Audio Research Dual 150 power amplifier

We mentioned in the last issue that we were becoming increasingly disturbed by "a certain manic quality that is creeping into this pursuit of sonic perfection." We were referring then to a manufacturer's announcement of the imminent availability of a speaker system weighing over 1000 lb per channel, but we could just as well have been speaking of this behemoth from Audio Research.

The Dual 150 looks like a piece of professional broadcast equipment. It contains 8 output tubes (6550s), three slow-speed (but efficient) cooling fans, two front-panel meters for monitoring AC supply line volt age, output power in each channel, and (by switch selection) the state of adjustment of the bias of each output tube. Its front panel is a ¼"-thick slab of aluminum, it is equipped with two beefy carrying handles, and the whole thing weighs in at a gut-busting 115 lb. It is probably safe to say that more than half of that weight comes from one of the most massive power supplies ever built into a tubed amplifier, and indeed that power supply can, on initial turn-on, draw enough line energy (almost 3000 watts) to pop a 15-amp house fuse or melt practically any control unit's "convenience AC power" switch.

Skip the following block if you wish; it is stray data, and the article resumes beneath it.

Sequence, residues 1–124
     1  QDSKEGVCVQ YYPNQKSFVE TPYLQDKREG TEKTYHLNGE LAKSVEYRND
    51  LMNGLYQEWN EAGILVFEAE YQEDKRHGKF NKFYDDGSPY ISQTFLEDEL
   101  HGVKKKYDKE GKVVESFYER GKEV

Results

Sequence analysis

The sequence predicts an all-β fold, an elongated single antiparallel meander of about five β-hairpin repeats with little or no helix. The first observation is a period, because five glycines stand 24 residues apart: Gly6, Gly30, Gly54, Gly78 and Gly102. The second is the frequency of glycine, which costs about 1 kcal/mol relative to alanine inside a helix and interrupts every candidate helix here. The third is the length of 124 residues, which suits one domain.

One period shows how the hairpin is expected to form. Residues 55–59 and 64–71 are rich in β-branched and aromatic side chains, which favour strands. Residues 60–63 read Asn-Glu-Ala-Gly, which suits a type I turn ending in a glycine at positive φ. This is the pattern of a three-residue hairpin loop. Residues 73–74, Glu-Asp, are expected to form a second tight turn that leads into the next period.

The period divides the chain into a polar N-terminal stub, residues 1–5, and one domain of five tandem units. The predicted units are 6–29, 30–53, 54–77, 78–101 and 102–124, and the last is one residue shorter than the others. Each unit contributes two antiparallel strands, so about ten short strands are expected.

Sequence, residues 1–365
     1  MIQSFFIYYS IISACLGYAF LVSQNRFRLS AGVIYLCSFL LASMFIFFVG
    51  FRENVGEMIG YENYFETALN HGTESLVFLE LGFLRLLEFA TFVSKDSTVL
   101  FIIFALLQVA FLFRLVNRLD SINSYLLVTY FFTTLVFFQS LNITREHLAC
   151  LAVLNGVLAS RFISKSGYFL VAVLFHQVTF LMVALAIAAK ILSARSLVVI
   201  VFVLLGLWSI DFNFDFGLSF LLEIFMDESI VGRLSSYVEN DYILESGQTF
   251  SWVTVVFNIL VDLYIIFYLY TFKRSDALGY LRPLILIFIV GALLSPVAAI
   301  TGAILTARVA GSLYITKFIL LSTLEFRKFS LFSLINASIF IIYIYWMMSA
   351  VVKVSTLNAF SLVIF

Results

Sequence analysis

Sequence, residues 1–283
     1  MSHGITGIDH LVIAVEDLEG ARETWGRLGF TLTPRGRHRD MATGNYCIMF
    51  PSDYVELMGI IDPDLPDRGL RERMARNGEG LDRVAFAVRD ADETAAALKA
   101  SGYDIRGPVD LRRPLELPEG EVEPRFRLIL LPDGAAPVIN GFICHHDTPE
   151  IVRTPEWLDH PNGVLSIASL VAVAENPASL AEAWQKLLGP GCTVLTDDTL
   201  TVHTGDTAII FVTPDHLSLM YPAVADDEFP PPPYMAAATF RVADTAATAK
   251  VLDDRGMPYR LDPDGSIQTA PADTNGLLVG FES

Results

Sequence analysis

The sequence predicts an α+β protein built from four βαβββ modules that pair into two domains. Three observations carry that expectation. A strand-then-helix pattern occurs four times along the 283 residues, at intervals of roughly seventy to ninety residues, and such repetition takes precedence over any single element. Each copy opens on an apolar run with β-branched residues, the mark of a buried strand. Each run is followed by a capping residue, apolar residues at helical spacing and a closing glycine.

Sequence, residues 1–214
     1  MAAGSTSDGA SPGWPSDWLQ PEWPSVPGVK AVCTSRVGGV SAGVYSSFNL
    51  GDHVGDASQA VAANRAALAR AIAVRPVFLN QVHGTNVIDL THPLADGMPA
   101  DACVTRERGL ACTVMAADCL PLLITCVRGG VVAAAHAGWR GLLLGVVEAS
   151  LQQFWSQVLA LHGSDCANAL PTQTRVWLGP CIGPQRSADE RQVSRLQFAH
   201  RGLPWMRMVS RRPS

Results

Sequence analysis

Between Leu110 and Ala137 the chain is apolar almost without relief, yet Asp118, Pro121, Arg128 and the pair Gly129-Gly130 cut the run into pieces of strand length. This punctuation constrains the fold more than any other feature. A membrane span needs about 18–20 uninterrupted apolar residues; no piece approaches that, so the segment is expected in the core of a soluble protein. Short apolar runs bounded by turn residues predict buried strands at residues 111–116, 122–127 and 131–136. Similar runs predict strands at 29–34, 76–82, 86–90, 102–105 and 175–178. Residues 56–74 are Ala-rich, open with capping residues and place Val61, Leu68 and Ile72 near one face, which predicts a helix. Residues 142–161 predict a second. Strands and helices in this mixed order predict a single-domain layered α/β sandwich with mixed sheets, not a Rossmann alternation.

For this reason (and also, presumably, to extend the potential sales area to European countries), the D-150's AC power switch has five On positions, for fine voltages of 240, 220, 120, 110 and 100 respectively. If you live in the US, you note the incoming line voltage as monitored by the meter when the switch is Off, then advance the voltage selector to 220 for 10 seconds, to partially charge the power-supply storage capacitors. (It is the almost-instantaneous charging of these capacitors that causes most amplifiers to draw their greatest amount of AC power during the fraction of a second following turn-on.) Finally, turn the switch to the setting that is nearest to but above the voltage you originally read on the meter.

For example, if the meter reads 112 volts with the D-150 off, you should end up with the switch in the 120-volt position. The 110-volt setting would be closer to the line supply voltage, but would result in slightly excessive operating voltages that would seriously curtail component life. (A 5% excess does more damage than a 10% deficiency, footnote 1.)

The D-150's power consumption will vary from moderately high (around 600 watts) when idling, to around 1000 watts under full power. ARC recommends powering the D-150 from its own wall AC outlet, through a heavy-duty extension cord if necessary. We concur in that recommendation. If your preamp's AC cord and plug appear to be un usually heavier-duty than conventional lamp hardware, though, you might try powering the D-150 from one of the preamp's unswitched outlets, if these are not fused in the preamp (or if the rear panel rates the outlets at 25 amps or more). Check periodically, though, to make sure the AC plug to the preamp is not heating up; if it is even perceptibly warm to the touch, we would advise going to the trouble of connecting the 150 directly to the wall outlet.